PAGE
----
• Skin the legs and body

Using a sharp knife, start skinning from the legs. The skin will start to separate from the meat, but you will need to be careful around the rump, lower back, and where the wings attach to the abdomen.

  • Separate parts

Sever the elbow joints, because there isn’t enough meat there anyway. Then, cut through the neck. All that’s left is the meat and legs. Dispose of the neck, tail and oil gland, wings tips, and skin with feathers.

Remove the carcass from the tree and cut off the legs. Next, cut open the bottom cavity to pull out the intestines. Then wash the carcass in a bowl of fresh cold water.

If you like chicken giblets, keep the liver, heart, and gizzard.

  • Clean the bird

This is best done with running water. And be sure to cut away lungs, trachea, testes, and unwanted fat. Also, remove any remaining feathers around the legs and wings.

  • Cut up the bird

Depending on the bird, you might not get much meat except breasts. In which case, you just put the breast down on the cutting board and cut on both sides of the cartilage. Then you slide your fingers along the breast bone until it peels out.

So now you know how to cull and process a rooster. You don’t have to worry about freezing a whole bird, because it’s perfectly cut up, and will fit nicely into your freezer. And you don’t have to worry about all the feathers, or about how inhumane killing chickens can be. Although you still might feel bad.

raising happy, healthy chickens Roosters

When to Cull Roosters

We are officially in fall, when typical chicken owners cull their flocks. But at our chicken haven we don’t slaughter our hens, because they are the egg producers. If you have chickens, like we do, maybe you incubate eggs occasionally. Or a hen will go broody and hatch a clutch of eggs, in which case you end up with some surplus roosters. On the other hand, you could be new to backyard chicken keeping and just want to know when to cull roosters.

girl outside holding white chicken

What does ‘culling‘ mean anyway? Well, for the purpose of this post, it means to slaughter or process an animal. However if you don’t want to do that, because it can be difficult emotionally, then you can try to find an animal sanctuary. But if you have a lot of roosters compared to your hens, then you absolutely are going to have to do something. Because, unless you keep them separated, the roosters will end up abusing the hens.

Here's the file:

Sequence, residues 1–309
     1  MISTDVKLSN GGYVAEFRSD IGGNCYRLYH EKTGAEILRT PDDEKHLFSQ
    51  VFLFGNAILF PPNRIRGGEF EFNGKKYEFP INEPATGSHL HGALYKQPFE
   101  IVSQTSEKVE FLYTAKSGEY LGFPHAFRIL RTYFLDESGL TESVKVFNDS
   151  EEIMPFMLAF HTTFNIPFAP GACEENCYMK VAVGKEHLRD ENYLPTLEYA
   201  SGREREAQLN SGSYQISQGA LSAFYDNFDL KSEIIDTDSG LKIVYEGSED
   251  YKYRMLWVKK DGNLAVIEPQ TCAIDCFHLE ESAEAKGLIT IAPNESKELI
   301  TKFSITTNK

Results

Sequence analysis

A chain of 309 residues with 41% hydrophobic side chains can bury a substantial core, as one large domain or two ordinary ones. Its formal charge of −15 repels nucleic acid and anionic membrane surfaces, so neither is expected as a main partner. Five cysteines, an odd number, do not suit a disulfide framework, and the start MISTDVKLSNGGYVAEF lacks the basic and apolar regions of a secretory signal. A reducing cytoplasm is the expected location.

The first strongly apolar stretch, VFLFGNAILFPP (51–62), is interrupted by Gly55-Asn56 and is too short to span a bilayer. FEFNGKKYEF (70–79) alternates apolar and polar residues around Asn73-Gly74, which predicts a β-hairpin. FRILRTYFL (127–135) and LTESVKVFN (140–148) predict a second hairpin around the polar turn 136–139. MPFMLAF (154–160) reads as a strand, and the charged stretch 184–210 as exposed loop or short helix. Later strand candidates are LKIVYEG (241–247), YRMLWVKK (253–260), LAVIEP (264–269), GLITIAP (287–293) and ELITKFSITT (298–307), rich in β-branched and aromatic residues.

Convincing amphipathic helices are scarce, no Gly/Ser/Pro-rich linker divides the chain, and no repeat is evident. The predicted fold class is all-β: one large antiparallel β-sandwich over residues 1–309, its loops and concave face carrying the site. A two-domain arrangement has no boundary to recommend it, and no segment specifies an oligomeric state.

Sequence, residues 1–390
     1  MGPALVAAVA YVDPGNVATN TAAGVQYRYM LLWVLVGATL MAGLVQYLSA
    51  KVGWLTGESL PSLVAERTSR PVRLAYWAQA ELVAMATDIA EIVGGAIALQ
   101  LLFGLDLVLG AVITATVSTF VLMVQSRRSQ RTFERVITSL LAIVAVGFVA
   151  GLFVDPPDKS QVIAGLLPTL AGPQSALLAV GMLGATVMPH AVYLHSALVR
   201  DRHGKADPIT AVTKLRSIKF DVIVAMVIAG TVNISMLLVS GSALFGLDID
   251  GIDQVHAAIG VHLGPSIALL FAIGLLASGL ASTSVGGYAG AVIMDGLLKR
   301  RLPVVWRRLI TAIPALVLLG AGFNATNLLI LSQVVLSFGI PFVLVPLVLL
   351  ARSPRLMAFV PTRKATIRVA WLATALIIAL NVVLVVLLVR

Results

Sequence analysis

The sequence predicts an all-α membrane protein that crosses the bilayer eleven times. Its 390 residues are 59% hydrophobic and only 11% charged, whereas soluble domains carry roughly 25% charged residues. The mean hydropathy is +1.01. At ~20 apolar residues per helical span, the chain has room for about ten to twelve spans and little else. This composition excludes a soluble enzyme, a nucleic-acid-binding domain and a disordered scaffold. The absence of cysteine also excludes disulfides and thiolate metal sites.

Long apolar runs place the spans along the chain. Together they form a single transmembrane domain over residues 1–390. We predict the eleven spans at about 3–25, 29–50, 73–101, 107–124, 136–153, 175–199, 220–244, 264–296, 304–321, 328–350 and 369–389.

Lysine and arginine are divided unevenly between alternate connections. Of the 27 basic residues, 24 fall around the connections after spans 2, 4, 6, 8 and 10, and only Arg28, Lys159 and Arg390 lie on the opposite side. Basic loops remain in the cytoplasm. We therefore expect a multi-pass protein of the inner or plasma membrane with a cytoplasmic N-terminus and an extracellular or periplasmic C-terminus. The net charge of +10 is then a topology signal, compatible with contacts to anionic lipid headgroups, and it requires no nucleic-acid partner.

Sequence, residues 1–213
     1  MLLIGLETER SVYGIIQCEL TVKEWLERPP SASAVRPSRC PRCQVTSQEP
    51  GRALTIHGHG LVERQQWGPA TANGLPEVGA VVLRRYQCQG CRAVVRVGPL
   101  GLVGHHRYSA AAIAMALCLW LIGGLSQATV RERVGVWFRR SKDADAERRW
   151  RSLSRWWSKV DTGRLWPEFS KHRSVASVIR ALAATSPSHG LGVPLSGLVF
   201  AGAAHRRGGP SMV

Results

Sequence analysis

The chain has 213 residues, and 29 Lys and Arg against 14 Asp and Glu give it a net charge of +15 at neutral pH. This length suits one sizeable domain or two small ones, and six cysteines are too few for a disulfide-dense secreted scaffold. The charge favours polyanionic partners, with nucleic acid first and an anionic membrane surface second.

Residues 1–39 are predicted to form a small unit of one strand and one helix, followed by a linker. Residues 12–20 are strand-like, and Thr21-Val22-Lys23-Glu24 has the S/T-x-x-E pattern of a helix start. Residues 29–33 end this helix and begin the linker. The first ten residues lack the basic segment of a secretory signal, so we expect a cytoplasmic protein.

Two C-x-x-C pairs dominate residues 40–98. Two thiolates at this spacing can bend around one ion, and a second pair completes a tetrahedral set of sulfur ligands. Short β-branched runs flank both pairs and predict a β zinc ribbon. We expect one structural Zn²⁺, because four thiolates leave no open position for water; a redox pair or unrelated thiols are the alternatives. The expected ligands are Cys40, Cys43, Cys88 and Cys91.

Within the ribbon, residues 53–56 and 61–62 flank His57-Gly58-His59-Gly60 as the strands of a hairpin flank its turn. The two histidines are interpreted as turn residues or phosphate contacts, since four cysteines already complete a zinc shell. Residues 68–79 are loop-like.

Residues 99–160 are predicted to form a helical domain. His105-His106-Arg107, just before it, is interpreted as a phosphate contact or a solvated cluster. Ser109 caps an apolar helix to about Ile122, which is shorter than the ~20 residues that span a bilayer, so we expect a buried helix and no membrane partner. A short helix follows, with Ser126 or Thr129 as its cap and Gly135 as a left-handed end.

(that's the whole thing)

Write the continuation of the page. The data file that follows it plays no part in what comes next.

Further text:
When to Cull Roosters

red leaf trees near the road
Photo by Pixabay on

So when is the best time to cull a rooster? Well, I already mentioned that most chicken caretakers prefer doing this task in the fall. And that’s because they don’t want to spend the money on feed, taking care of them. They know the birds are destined for cooking. With that being said, if you have a troublesome bird, you don’t have to wait until fall to cull it. And that includes bullies and/or sickly birds.

But what is the best age to process a rooster? If you plan on putting your bird in a meal, then the older the bird gets, the gamier and tougher it gets. But if you slaughter too soon, there will hardly be any meat on them. So what do you do? Many sites suggest waiting till they start crowing. However I don’t think that’s the best method. We’ve had roos who started crowing after they were only a month old. And we’ve had roos that only crowed when the last rooster died, and they were about a year old!

4 roosters and 1 hen roosting in a coop

The tried and true method of knowing when to cull roosters is by their age, not necessarily by crowing. We’ve generally culled our excess roosters when they were around 4 months old. But you can wait even until they’re 6 months old before processing them. The same is true for egg laying hens too. Hens will live anywhere from 6-8 years, but they don’t lay eggs that long. And so, some chicken people cull their hens when they stop laying.

All of our birds are dual purpose, which means they can be used for meat and eggs. Although roosters have no purpose except meat production, unless you fancy him to be the boss of the flock. If after a couple of years, your rooster hasn’t mended his ways and you need to process him, you won’t be able to use his meat. And that’s because it will be too tough. He’s an old bird. You could try though; just don’t get your hopes up.

Thanks for stopping by, and as always, don’t hesitate to leave a comment or ask a question!